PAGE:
Tuesday, 4 December 2007

Weeding out the chaff

In the news recently: Remove bad teachers, says advisor.

The unions replied that teachers are being trained even more thoroughly these days. I’ve no doubts about that. Gone, thankfully, are the days when the trainee teacher was thrown into a classroom with barely enough time to smooth down his tie/her cardigan before being expected to deliver a term's worth of lessons with no further supervision. These days it's all forms-in-triplicate and boxes to tick off to check that they have scowled for the required number of minutes each lesson.

But thinking personally, yes there are teachers I know who shouldn’t be in the job. I wouldn’t want to be the boss. If I was in charge, I’d have to do whatever I could to get rid of them. It’s not that they aren’t caring people who try their best, it’s just that most of those I’m thinking of probably came into the job before there was the rigorous training of today. They were the lot who were shoved into a classroom, the door shut behind them, and told to get on with it. Not an ideal way to learn about the many facets of teaching. They may have had training since, but they don’t grasp anything more up-to-date than the invention of the calculator.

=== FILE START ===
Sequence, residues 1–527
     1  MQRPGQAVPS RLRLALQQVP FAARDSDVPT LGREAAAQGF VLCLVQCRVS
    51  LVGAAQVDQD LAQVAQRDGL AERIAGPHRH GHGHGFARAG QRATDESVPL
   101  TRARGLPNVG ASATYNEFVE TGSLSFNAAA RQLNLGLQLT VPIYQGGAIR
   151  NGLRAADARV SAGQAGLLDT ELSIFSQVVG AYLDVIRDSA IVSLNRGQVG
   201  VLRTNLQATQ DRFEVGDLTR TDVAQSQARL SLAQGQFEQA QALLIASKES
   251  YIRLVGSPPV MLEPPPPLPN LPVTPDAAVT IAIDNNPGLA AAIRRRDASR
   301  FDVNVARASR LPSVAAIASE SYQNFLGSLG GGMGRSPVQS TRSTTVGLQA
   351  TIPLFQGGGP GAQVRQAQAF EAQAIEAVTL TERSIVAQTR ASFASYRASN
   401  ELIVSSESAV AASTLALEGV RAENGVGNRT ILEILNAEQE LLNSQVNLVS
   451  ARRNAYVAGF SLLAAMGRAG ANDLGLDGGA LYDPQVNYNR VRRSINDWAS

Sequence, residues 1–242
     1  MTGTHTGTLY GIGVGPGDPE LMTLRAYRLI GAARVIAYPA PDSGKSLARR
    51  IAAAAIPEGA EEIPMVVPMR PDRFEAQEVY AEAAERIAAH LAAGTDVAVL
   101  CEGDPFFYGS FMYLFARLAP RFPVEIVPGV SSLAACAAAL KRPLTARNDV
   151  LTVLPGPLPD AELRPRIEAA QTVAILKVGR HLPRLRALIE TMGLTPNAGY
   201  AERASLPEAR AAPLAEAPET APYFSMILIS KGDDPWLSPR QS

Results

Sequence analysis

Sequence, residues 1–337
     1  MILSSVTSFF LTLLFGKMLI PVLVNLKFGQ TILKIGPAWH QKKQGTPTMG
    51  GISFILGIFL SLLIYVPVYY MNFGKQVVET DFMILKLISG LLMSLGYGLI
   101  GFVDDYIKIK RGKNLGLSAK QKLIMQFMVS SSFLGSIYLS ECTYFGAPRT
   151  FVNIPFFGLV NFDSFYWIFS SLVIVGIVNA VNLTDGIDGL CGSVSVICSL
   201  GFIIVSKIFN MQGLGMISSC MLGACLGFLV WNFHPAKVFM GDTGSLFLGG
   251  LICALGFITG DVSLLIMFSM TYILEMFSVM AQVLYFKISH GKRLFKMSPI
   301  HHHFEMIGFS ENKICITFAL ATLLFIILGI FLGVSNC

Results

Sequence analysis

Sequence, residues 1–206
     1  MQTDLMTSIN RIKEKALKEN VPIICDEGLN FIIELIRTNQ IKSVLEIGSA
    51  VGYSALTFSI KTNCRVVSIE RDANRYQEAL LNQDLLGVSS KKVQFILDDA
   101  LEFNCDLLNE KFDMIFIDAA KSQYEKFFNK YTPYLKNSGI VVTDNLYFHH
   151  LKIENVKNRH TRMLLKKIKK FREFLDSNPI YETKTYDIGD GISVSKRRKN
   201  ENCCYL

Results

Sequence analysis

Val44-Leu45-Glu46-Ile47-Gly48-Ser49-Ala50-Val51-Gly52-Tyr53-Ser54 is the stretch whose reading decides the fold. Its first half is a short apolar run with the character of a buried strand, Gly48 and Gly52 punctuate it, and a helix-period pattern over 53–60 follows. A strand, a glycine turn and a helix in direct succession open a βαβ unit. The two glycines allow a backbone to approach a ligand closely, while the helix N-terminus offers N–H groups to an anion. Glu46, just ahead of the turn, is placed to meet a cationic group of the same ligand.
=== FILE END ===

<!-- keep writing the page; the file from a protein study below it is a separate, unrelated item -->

We recently had a little inspection, and it was clear that some of the teachers are clueless as to what inspectors want to see. Not that inspectors necessarily want to see what we all do, day in and day out, but the fact was that these teachers couldn’t even raise their game for a few lessons.

But it’s not just older teachers who aren’t letting the kids learn well. Some of the student teachers we’ve had pass through in the past few years should never have even passed A-levels, let alone been accepted onto PGCE courses. They may have the best intentions in the world, but they come in with a scarily lacking knowledge base, and basic skills that need to go way back to basics. By the end of the year a couple of them were still incapable of organising themselves, let alone a classroom, but there were no majorly outstanding failings to stop them gaining their PGCEs and going off to show future generations the wrong way to write a sentence.

No comments: